Original Date: 07/14/1997
Revision Date: 01/18/2007
Best Practice : Heat Pipe Wick Structure
The heat pipe’s wick structure uses capillary pressure to pump the working fluid from the condenser to the evaporator. Typically, the restricting factor of heat pipe designs is the capillary limit, which is determined by the pumping capacity of the wick structure. The capillary limit is also a function of the heat pipe’s operating orientation and wick structure (e.g., groove, screen, cable/fiber, sintered powder metal). Pore radius and permeability are the two most important characteristics of a wick structure. Pore radius determines the pumping pressure that the wick can develop, while permeability determines the fractional losses of the working fluid as it flows through the wick.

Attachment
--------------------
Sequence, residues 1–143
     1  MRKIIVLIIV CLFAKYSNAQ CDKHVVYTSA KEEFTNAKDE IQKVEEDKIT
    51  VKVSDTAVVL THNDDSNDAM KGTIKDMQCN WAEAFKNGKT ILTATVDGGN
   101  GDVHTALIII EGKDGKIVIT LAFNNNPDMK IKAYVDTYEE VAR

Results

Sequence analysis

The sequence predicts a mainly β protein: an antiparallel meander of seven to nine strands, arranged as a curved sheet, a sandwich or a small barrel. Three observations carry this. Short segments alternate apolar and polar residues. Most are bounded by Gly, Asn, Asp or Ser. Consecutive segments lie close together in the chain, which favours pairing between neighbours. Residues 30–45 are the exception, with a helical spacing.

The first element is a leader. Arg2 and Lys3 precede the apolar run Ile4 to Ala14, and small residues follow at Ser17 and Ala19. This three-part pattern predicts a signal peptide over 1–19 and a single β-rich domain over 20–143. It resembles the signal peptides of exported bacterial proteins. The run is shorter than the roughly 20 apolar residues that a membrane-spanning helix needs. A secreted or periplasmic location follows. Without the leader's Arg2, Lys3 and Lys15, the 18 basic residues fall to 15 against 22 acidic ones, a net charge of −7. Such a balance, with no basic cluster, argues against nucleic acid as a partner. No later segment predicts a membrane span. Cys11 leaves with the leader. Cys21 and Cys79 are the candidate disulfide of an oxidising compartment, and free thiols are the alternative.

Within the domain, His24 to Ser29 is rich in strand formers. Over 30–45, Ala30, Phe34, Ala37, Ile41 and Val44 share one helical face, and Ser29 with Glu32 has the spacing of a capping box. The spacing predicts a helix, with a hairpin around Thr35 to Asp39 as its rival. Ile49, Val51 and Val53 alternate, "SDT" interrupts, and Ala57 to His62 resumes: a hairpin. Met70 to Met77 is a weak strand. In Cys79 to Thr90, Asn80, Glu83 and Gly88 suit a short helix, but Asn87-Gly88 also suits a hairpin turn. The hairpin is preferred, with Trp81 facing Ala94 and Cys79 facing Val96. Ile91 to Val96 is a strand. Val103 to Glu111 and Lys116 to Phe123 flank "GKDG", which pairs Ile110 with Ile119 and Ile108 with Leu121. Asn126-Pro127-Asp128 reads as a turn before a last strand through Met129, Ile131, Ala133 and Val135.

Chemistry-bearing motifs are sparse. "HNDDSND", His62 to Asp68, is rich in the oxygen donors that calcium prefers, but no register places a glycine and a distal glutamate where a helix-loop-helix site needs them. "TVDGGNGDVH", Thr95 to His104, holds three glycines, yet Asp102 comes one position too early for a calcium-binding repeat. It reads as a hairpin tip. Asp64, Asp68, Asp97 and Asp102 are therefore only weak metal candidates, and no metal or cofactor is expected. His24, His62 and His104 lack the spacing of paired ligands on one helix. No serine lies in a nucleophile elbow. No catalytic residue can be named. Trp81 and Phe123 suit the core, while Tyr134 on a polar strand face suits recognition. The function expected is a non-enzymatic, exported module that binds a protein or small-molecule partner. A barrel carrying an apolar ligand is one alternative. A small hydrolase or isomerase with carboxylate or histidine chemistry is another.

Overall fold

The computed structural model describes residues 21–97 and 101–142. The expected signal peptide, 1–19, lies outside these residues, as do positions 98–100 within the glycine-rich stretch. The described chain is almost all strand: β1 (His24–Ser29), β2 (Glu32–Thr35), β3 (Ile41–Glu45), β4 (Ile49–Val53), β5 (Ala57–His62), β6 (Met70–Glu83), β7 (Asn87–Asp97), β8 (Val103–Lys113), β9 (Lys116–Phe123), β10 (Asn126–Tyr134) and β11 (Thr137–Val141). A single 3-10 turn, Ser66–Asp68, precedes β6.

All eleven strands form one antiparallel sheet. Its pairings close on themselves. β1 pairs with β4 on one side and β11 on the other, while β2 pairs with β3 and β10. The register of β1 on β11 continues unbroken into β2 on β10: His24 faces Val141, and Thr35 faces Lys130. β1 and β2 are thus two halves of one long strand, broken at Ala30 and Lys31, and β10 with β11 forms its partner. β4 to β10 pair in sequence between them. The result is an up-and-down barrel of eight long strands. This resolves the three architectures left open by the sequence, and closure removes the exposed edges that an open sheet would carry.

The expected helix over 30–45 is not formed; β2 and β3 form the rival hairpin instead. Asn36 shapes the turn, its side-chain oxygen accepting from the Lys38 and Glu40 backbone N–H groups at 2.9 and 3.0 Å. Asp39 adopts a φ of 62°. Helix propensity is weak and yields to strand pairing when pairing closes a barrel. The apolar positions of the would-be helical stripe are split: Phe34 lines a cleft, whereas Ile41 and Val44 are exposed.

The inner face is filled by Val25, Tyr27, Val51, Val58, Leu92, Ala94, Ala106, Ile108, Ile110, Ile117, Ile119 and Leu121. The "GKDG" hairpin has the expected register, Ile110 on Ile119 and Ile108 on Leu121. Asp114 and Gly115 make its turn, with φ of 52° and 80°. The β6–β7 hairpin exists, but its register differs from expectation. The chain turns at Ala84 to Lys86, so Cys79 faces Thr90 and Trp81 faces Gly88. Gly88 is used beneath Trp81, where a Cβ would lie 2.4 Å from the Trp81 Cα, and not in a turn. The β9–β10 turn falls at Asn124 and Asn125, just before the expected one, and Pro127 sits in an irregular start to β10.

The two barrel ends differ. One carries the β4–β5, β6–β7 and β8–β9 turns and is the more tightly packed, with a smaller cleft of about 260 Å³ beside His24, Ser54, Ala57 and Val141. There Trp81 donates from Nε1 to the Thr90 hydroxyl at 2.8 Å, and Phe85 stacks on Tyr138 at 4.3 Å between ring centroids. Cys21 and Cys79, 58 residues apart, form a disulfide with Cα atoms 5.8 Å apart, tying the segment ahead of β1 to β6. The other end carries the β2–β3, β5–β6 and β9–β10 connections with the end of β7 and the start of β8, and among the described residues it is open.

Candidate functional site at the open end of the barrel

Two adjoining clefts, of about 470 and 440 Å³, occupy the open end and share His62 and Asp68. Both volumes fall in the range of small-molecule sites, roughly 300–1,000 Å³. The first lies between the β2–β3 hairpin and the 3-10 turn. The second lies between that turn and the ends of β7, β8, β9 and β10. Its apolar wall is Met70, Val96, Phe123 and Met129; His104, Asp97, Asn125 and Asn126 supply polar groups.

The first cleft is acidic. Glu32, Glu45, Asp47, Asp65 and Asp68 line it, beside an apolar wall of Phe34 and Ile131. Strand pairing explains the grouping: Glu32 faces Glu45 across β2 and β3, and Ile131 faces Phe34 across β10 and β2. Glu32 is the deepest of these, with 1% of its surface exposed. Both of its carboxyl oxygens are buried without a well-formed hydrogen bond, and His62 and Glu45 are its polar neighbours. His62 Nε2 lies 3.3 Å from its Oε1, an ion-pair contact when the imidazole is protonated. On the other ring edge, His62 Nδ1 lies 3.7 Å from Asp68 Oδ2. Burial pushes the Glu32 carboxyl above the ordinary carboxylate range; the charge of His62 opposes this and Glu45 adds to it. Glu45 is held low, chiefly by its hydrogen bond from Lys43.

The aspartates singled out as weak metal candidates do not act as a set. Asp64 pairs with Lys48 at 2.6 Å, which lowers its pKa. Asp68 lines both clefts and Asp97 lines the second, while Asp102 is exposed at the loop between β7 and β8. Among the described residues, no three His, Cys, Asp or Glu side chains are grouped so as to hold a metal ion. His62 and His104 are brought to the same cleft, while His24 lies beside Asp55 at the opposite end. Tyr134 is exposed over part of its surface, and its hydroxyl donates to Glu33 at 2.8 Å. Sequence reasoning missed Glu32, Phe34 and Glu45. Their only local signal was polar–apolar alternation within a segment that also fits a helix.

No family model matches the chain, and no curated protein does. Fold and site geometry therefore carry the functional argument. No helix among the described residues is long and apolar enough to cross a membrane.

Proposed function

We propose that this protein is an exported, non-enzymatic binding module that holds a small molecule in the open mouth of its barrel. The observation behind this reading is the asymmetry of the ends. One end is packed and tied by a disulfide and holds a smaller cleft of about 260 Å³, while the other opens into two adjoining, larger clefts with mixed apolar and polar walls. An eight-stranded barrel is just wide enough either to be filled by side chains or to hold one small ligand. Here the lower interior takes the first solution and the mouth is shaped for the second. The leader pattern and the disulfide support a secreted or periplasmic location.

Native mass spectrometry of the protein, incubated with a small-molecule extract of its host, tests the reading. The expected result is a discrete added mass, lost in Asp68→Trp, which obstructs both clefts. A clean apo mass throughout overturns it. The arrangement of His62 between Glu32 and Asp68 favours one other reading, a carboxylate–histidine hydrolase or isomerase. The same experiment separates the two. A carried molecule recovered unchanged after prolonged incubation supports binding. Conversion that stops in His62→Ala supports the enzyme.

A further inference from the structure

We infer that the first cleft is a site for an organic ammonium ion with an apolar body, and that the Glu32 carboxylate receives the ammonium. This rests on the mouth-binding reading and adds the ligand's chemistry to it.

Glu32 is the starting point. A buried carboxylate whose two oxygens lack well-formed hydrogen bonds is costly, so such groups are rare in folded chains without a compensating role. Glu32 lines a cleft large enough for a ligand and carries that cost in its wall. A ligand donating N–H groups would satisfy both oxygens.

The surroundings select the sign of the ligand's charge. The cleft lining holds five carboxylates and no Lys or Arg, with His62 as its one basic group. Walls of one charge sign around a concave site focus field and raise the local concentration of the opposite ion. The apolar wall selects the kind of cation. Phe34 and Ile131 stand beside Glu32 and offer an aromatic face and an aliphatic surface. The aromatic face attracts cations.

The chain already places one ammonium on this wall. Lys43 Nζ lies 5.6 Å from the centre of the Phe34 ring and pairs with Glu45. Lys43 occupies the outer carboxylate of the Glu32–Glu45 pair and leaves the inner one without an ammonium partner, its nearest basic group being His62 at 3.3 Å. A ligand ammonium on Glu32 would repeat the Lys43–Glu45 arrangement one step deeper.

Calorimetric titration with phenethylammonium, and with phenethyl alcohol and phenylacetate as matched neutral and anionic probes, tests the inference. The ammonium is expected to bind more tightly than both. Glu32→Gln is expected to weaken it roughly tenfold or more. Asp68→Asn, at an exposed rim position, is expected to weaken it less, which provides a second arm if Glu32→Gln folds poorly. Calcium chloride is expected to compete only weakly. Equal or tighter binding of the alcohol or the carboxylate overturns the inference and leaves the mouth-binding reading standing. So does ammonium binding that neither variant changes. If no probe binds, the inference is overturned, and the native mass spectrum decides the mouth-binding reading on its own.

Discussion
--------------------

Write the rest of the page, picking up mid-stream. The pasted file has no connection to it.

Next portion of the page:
It is important to select the proper wick structure based on the application. Thermacore has determined that sintered powder metal is the optimum wick structure for cooling electronic components in computer products (e.g., notebooks, laptops, desktops, high-end servers). Sintered powder metal wicks have small pore radii and relatively low permeability. The high capillary pumping pressure, achieved through a sintered powder metal wick, allows the heat pipe to operate in any orientation. Other wick structures do not work as well in non-horizontal orientations because they cannot lift the returning working fluid the length of the heat pipe against gravity.
By developing specialized equipment and processes, Thermacore can vary the physical properties of its sintered powder metal wicks, allowing the heat pipes to be custom designed to the customer’s application. In addition, the heat pipes can be bent to fit various heat sink shapes without any significant reduction in performance. Through its unique heat pipe technology, Thermacore has become a major supplier in the electronics industry.
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